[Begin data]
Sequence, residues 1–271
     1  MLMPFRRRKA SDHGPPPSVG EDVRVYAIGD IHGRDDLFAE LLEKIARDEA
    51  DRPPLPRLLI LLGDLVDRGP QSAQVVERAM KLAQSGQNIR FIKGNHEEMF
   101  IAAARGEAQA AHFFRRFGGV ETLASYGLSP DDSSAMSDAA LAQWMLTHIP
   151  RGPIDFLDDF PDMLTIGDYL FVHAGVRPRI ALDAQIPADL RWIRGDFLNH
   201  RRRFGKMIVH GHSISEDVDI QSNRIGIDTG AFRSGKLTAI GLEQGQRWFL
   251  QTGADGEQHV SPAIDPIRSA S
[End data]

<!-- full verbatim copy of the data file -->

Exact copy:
Sequence, residues 1–271
     1  MLMPFRRRKA SDHGPPPSVG EDVRVYAIGD IHGRDDLFAE LLEKIARDEA
    51  DRPPLPRLLI LLGDLVDRGP QSAQVVERAM KLAQSGQNIR FIKGNHEEMF
   101  IAAARGEAQA AHFFRRFGGV ETLASYGLSP DDSSAMSDAA LAQWMLTHIP
   151  RGPIDFLDDF PDMLTIGDYL FVHAGVRPRI ALDAQIPADL RWIRGDFLNH
   201  RRRFGKMIVH GHSISEDVDI QSNRIGIDTG AFRSGKLTAI GLEQGQRWFL
   251  QTGADGEQHV SPAIDPIRSA S